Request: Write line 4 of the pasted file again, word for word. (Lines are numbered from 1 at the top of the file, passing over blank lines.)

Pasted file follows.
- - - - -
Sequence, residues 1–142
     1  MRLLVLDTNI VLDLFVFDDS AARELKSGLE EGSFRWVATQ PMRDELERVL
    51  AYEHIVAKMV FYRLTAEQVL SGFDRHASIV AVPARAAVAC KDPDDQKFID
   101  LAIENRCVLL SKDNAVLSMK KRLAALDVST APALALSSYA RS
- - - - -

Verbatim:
   101  LAIENRCVLL SKDNAVLSMK KRLAALDVST APALALSSYA RS